The chain of events that culminated this week with the installment of a financial guardian over Wendy Williams’ finances started with a simple request from the TV personality to check her bank statements, according to her attorney, La’Shawn Thomas. Williams, suspecting misconduct by her financial advisor, wanted to switch banks and needed her most recent statements to do so.
When Wells Fargo refused, it claimed in a petition for guardianship that Williams is an “incapacitated person.” The bank argued that she’s the “victim of undue influence and financial exploitation.”
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A New York judge on Thursday appointed a guardian over Williams’ finances until July, Thomas said. A temporary guardian had been in place since March, when the judge agreed with Wells Fargo that one was necessary while the case is pending.
“Wendy doesn’t agree with a financial guardian being appointed,” Thomas told The Hollywood Reporter. “If it’s the court’s intention to have one appointed over her affairs for the long haul, she definitely isn’t going to accept that.”
In an affidavit to the New York Supreme Court, Williams stated that Wells Fargo improperly denied her access to her money, leading her to default or risk defaulting on several bills. She accused a Wells Fargo financial advisor of lying that she’s mentally unstable as a basis to lock her out of her accounts.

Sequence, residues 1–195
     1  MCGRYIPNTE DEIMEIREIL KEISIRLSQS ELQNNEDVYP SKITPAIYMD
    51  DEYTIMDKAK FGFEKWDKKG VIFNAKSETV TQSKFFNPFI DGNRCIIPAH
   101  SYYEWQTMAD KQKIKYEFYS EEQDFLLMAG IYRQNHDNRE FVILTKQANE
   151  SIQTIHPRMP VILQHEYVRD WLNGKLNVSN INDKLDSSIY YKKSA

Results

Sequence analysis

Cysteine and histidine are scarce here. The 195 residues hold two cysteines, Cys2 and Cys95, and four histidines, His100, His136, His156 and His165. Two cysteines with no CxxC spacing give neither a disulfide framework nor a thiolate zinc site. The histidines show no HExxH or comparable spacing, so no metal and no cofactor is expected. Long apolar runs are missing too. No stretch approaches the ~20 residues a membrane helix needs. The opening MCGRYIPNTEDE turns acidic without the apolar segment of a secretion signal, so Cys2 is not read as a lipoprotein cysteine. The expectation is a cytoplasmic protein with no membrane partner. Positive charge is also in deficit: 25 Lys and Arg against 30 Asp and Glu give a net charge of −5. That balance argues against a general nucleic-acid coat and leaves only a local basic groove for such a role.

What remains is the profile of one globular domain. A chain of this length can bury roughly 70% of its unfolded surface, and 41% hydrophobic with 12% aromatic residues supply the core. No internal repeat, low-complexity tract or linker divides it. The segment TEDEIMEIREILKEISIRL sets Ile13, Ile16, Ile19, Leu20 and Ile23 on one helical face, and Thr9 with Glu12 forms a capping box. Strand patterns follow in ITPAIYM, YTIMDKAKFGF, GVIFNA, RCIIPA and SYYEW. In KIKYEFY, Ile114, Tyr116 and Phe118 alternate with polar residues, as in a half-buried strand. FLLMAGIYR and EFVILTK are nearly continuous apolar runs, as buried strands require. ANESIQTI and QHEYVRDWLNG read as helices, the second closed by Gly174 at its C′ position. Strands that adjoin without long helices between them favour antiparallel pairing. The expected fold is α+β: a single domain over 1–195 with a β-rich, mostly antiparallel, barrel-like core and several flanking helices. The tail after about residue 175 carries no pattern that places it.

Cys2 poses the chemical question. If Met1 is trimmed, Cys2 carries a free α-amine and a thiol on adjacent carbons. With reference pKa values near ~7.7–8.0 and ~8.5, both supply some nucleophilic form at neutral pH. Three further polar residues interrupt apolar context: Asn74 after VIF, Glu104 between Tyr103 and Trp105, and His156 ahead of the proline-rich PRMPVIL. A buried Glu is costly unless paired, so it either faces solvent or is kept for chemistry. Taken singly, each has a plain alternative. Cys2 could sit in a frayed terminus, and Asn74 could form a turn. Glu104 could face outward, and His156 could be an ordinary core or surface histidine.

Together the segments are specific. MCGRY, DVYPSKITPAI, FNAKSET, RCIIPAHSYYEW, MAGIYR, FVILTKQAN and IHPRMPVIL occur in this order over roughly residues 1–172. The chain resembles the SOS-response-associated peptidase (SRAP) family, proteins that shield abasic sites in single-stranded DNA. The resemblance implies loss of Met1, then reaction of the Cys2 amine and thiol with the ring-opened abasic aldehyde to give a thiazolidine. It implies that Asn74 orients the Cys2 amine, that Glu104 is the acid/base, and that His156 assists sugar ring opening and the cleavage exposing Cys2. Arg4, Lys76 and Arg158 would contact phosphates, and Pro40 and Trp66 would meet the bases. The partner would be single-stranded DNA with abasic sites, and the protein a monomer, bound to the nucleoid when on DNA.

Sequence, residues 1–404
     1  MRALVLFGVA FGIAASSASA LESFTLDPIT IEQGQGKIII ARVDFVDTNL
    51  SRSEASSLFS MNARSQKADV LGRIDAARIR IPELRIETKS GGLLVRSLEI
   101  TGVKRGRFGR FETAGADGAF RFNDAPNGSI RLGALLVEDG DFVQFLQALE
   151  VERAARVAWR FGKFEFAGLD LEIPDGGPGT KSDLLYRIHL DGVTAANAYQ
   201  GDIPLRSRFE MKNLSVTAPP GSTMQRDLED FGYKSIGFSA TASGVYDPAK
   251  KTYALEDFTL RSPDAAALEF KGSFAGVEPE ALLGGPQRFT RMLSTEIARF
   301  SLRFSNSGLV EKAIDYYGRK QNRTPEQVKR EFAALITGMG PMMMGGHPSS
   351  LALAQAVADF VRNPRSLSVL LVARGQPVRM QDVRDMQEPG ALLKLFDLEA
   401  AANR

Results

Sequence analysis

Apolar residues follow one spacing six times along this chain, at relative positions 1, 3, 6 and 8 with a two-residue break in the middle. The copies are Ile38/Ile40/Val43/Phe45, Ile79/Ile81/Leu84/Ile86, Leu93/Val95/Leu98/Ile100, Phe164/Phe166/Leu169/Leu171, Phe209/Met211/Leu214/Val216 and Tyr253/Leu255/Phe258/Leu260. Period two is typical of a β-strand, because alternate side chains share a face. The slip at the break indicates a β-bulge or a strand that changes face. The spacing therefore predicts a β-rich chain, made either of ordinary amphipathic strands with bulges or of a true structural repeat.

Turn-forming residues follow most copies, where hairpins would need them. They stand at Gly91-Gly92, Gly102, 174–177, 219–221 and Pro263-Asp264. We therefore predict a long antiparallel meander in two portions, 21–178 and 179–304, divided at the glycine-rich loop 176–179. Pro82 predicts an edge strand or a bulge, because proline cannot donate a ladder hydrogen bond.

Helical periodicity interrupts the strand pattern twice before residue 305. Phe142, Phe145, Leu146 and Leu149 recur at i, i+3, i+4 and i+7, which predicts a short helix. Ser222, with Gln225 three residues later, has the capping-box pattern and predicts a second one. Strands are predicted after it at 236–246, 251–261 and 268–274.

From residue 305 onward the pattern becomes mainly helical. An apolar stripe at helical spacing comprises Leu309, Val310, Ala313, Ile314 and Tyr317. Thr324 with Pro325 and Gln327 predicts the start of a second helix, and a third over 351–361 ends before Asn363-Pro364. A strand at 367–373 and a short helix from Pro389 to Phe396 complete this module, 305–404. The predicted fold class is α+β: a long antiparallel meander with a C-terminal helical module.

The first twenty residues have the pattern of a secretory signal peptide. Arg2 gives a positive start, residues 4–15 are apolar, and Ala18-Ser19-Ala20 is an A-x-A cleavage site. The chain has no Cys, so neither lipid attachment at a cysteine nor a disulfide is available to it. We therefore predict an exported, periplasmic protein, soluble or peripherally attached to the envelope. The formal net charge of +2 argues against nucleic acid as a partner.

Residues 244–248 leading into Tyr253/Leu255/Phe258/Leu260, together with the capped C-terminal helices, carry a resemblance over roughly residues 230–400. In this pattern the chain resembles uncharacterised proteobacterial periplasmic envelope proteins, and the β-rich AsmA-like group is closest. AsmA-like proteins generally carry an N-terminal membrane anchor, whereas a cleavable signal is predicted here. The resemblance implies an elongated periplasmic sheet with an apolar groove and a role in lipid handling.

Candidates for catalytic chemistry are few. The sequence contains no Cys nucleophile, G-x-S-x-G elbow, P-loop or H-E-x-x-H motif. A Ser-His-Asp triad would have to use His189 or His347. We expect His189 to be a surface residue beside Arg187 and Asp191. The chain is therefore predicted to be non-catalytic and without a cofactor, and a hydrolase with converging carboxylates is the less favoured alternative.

Despite the decision to terminate the advisor “as a result of her improper conduct in relation to my accounts, Wells Fargo continues to deny me access to my financial assets and statements,” the affidavit reads.
The case, which has been sealed, took a turn in March when Bernie Young, Williams’ former manager who was fired by the TV personality, moved to be placed as guardian for the court.
In a video posted to Instagram, Williams claimed Young improperly used her money, roughly $10,000, to hire a law firm to pursue guardianship over her.
Bernie Young Entertainment didn’t respond to a request for comment.
Thomas, who said her client is doing “really, really good” after receiving treatment for Graves’ disease and thyroid issues, suspects that “there’s something someone has done with [Williams’] money” and that the bank is “attempting to hide something.”
The bank declined to comment when contacted by THR.
Wells Fargo in 2020 agreed to pay a $3 billion fine to settle a civil lawsuit and criminal prosecution over fraudulently opening millions of savings and checking accounts without customers’ consent to meet sales quotas.
Addressing ongoing rumors about her mental and physical health on Good Morning America, Williams said in March that she’s “absolutely” of sound mind and will be ready to return to a set in three months. She claimed that people looking to take advantage of her are responsible for concerns of her competency.
“When people want control of [your] accounts, they say anything, including something crazy like that about me,” she said.